HOME BUYER SENTIMENT POSITIVE IN FACE OF COVID CRISIS
Home buyer sentiment remains overwhelmingly positive despite the economic impact of COVID 19 in Western Australia according to a new survey (The Urbis/UDIA Home Buyer Sentiment Survey) released by the Urban Development Institute of Australia (UDIA WA) and Urbis.
According to the survey, 48% of people are positive about purchasing a home in the current market and that figure climbs to close to 60% for those looking to purchase as an ‘owner occupier’.
The sentiment survey also clearly reflects the positive impact of recent federal and state government stimulus measures, increasing the likelihood of buying for 17% of people surveyed.
“The outcomes of this sentiment survey reflect the ongoing faith that West Australians have in the resilience of the WA property market and the importance of continuing to support buyers in securing a home that meets their needs,” UDIA WA CEO Tanya Steinbeck said.
“The property industry can continue to play a key role in the economic recovery for WA and people are obviously still keen to find opportunities to enter the market and secure a property,” Ms Steinbeck said.
“While respondents are expecting a potential dip in prices over the next six months as we continue to navigate the current crisis, the expectation of close to 60% of respondents is that we will see property prices increase in the next 18 months,” Ms Steinbeck said.
“Those expectations clearly reflect people’s understanding that property is a longer-term prospect when it comes to growth in investment,” Ms Steinbeck said.
When looking at the breakdown in demographics of respondents, single person households were even more positive, with 65% believing that property prices will increase in the next 18 months.
Urbis Director David Cresp says the survey highlights the importance of ensuring that we continue to provide diverse housing in WA.
“Most potential buyers are seeking a free-standing home (74%) however delivering a diversity of housing to the market remains critical. In particular the survey highlighted that downsizers aged 65-75 (42%) are increasingly looking to medium and higher density housing options.”
“The survey also looked at where people would look at buy,” said Mr Cresp.
“This highlighted the value of amenity with most of the top suburbs being high amenity suburbs that are close to open space, shopping and train stations.”
Mr Cresp says that positive sentiment coupled with an influx in people moving back to WA is further bolstering the WA property market.
“The most recent ABS data has confirmed that an influx in people are coming back to WA due to COVID 19,” Mr Cresp said. “For the 12 months to June 2020 total overseas net arrivals (travel) was 90,720 people. This compares to 35,160 people for the 12 months to June 2019.”
“This is not to say that all of those people will remain in WA permanently, with some passing through to other states, however our analysis of historical data shows that typically around 50% of these people will stay in WA,” Mr Cresp said.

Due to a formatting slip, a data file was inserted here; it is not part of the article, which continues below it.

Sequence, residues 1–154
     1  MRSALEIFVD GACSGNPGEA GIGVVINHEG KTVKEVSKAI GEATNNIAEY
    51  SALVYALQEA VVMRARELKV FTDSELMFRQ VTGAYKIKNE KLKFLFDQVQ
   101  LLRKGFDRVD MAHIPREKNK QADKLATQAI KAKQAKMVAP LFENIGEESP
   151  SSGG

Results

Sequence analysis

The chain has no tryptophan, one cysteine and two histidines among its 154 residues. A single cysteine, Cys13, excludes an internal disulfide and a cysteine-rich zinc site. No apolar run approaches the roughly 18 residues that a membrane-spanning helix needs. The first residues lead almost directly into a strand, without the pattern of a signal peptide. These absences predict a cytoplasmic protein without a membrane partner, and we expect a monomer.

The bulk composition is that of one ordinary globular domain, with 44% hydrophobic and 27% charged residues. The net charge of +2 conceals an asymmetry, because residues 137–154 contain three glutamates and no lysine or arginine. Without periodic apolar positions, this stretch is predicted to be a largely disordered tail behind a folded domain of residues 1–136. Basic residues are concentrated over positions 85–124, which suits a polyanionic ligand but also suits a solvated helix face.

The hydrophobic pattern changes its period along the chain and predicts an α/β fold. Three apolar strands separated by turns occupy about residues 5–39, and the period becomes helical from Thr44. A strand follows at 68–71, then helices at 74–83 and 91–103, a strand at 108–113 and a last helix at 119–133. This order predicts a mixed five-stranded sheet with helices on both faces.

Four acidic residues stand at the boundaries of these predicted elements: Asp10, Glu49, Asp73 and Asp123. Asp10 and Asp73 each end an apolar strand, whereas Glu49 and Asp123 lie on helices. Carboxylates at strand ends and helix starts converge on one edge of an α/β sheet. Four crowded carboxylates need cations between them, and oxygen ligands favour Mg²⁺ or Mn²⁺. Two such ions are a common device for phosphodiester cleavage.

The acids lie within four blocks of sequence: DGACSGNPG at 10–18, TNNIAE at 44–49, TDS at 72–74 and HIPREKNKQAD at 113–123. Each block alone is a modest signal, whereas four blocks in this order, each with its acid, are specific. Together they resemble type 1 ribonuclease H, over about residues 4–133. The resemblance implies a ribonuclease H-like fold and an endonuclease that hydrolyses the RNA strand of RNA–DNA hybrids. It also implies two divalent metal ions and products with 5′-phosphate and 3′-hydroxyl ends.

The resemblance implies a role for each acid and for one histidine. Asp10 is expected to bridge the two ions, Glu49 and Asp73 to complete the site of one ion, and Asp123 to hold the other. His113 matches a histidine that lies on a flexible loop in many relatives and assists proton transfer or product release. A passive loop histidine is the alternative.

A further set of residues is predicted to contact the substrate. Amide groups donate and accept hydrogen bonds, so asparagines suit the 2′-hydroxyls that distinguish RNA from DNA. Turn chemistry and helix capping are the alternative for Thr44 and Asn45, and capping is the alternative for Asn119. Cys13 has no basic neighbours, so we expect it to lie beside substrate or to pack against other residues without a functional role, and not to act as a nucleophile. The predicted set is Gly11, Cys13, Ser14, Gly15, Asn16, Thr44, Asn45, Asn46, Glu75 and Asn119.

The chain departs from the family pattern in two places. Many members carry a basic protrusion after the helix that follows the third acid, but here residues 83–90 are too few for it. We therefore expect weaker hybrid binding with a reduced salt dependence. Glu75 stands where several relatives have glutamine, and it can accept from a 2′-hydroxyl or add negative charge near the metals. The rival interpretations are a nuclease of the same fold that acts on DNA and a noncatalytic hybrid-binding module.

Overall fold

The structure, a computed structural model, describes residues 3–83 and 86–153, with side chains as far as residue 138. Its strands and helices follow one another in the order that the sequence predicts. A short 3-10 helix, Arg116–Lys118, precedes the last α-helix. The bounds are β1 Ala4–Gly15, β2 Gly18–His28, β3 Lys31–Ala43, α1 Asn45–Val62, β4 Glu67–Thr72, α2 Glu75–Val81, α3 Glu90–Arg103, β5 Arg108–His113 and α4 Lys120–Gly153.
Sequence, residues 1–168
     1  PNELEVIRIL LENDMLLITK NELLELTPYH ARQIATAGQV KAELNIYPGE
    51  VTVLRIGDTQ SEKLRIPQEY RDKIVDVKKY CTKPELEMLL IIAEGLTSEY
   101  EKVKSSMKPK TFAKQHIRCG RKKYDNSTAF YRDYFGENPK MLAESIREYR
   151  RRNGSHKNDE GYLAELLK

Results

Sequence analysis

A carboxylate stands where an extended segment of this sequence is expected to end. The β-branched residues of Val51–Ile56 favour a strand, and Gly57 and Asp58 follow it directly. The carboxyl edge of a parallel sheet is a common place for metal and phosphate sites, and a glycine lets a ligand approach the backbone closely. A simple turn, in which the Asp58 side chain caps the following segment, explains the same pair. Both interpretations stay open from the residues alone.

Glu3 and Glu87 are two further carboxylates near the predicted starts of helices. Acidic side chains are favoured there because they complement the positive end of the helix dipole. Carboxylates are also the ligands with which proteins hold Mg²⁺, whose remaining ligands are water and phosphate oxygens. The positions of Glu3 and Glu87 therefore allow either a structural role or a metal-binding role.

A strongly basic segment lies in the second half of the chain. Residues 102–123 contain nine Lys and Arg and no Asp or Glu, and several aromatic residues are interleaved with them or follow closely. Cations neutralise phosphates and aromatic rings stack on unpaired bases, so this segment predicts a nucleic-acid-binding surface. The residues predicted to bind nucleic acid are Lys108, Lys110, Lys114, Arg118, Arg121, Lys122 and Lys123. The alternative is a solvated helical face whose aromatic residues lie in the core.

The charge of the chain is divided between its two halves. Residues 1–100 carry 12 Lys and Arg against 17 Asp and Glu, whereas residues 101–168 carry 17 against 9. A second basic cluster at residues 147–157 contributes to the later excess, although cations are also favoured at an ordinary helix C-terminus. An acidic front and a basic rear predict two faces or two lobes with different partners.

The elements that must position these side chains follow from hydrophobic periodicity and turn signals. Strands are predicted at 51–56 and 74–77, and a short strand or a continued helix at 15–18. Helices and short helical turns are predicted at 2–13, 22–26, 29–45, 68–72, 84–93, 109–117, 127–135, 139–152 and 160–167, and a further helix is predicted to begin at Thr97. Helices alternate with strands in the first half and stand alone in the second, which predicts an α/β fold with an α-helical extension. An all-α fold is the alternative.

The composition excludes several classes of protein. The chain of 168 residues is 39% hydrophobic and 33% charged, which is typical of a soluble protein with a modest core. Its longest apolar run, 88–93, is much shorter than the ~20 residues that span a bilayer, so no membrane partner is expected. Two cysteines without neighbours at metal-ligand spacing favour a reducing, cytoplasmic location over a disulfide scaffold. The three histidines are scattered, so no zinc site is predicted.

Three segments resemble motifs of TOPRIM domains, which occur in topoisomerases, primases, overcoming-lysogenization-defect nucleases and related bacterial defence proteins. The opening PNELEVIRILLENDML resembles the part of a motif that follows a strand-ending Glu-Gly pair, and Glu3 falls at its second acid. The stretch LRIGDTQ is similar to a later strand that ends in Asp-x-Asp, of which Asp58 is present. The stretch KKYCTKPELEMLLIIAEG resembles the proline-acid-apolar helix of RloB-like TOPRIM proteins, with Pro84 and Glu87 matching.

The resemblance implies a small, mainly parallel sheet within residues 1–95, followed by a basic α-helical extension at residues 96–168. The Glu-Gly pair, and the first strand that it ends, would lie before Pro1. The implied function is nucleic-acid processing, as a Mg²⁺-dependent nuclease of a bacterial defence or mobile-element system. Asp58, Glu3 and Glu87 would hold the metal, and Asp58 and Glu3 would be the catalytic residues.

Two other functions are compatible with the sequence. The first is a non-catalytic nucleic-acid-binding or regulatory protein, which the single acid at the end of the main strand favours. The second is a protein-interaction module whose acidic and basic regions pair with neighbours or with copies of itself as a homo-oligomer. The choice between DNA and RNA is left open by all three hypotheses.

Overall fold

“That proportion could be higher in the current context if we take into account global conditions and the relative safety of remaining in WA from a health perspective,” Mr Cresp said.
“If net overseas migration turns out to be this high it would be the highest level since the boom period of 2012 where net overseas migration was 50,800,” Mr Cresp said.
The data shows that the movement of people back to WA was the highest in the March quarter and had reduced significantly in the June quarter with WA’s hard border policy.
“This boost in population growth highlights why the residential vacancy rate in WA is low and why we have been seeing a reduction in the number of residential listings over the last 12 months,” Mr Cresp said.
According to UDIA WA the State Government needs a clear population strategy to ensure we harness the potential for a continued flow of people back to WA.
“Looking beyond our current border closure, we need to maximise the number of people that are likely to want to return or move to WA as a safe haven and a stable place to invest,” Ms Steinbeck said.
“That will need to be balanced with health security and that is why we need a clear, long term strategy so that we can continue to rebuild our economy successfully,” Ms Steinbeck said.
URBIS/UDIA HOME BUYER SENTIMENT SURVEY SNAPSHOT
500 people surveyed in July 2020
Overall market sentiment:
- 48% people surveyed are positive about purchasing in the current market
- 58% of people purchasing for owner occupation purposes are positive about the market
- 59% of people aged 21 – 34 are positive
- 32% singles person households very positive sentiment
- 26% couple households very positive
- 25% family households very positive
- 57% say prices will increase in next 18 months
- 65% of single person households believe prices will in increase in 18 months
What they want to buy:
- 74% want a free-standing home
- 42% of people aged 64-75 want medium or high-density housing
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